カテゴリー CategoryStyle Book | スタイルブック




Is it possible to wear lingerie as clothing, and why would you do it?

In the last article, I wrote about how the idea of wearing lingerie as fashion is something that is already going from strong to stronger in the trend department. It’s on the streets, the catwalks and now it is very normal to see lingerie details in all kinds of fashion.

But this time, I want to get to the real point; WHY would you wear actual lingerie as fashion instead of the other way around?

Photos: Kentaro Minami
Direction & Styling: Misha Janette





今回は、1977年から女性の陰の立役者として支えてきたワコールの最高級ライン「Trefle -トレフル-」とスペシャルタッグを組みました。このブランドの40周年を記念して、ブランドがスタートした当時の70年代の「レトロモダン」な雰囲気を取り入れたランジェルックなコーディネートをしました☆そう、今時、グッチとフェンディなどの影響で70sなファッションがランウェイでよく見かける超流行りなトレンドのため、私の身まで70sな雰囲気に変身!してみました。

You know how they say that the best camera is the one you’ve got on you? I say the best clothes are the ones you’ve got in your lingerie drawer. Right? Lingerie is actually AWESOME as clothing. And if you see it too, then your wardrobe is about to grow by 2…

For the past year, I have partnered with Japanese lingerie-maker Wacoal and their high-end lines to promote the idea that lingerie like camisoles, slips, petticoats can be worn as fashion on the outside as well.. And no one would be the wiser!

This season, I teamed up specifically with the Trefle brand, one which has been in Japanese girls’ drawers since 1977. Since this year then marks the 40th anniversary of the brand, and that late 70s clothing is making a killing in the trends nowadays, I took major inspiration from it created some retro-modern looks all using pieces of lingerie as fashion (oh and I even transformed *myself* into a retro donna with the power of a lot of makeup and wigs!).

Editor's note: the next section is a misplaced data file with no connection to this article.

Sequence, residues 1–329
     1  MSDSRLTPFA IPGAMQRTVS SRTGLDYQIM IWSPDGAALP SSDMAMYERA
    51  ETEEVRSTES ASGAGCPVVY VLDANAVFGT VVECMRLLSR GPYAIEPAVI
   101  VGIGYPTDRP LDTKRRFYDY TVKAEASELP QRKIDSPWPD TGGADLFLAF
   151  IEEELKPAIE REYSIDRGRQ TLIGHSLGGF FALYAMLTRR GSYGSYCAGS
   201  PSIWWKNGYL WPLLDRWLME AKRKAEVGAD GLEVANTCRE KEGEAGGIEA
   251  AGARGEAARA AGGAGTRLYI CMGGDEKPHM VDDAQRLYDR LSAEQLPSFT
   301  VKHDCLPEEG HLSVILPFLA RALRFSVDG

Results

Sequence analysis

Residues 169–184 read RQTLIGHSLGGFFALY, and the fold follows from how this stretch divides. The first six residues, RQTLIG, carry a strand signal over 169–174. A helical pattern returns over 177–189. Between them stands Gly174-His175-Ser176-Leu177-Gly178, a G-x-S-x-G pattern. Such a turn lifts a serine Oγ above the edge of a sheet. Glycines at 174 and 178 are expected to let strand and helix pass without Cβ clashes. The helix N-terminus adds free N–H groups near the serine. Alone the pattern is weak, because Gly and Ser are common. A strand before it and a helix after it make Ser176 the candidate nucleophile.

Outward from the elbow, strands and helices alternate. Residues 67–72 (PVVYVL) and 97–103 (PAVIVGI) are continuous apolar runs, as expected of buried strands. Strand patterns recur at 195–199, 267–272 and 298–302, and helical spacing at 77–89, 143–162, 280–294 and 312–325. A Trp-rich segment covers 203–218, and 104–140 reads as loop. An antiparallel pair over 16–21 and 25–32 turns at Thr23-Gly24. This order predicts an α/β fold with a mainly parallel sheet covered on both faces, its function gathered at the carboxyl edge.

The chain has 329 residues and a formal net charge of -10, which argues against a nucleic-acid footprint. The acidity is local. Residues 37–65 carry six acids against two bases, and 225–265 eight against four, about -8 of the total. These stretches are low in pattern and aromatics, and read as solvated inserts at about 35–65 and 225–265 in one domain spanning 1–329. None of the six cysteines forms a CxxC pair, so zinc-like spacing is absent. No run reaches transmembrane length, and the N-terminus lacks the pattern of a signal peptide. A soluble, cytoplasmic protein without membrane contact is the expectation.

Photos: Kentaro Minami
Styling/Direction: Misha Janette



This place was further out than I had predicted. Then, a couple of transfers underground and a stroll through a traditional old-school neighborhood on the East side of Tokyo later, I arrived at my destination; a Japanese Elementary School. It was a Saturday, but the kids that attended here have been gone for a long time now. Now, it sits proudly as a collective and incubation for budding designers and artisans in Tokyo as Tokyo’s “Designers Village”. The brands here are either still finding their footing, or simply choose to work in camaraderie, among a group of truly unique and one of a kind brands. A step inside is a slip through time, with the old “school rules” in perfect calligraphy scrawled across the length of the ceiling, and all of the old structure and interior intact. If you’ve seen any Japanese horror movies, then you would recognize it immediately.

Photo: (c) Celia Humphries
Direction & model: Misha Janette

Time: 10:30am

Location: Setagaya

Theme: Softer but harder.




I know, I know. We should first talk about the elephant in the room.

…I`m wearing floral.

Alright, so having my real hair set free comes with a new set of challenges. I may be able to use less shampoo and have a less itchy scalp with this haircut, but this kind of hair comes with a mind of its own. That is especially true when it comes to picking out what kind of clothes to wear. A boyish cut is far more picky about what it likes to look good with, more than any other hairstyle I`ve ever had.





It’s been a long time since I put on a piece of fantasy.
After entering the era of the “Social Media” craze/haze/daze, things have changed not only for me but everyone who uses it and looks at it. What once was merely a tool for self-expression has become a business machine unto itself, and determining what is real and what’s genuine is as clear as sludge. There’s one thing for sure; that more than in corporations with rules upon rules on what someone can do, personal expression and freedom is what truly grabs attention.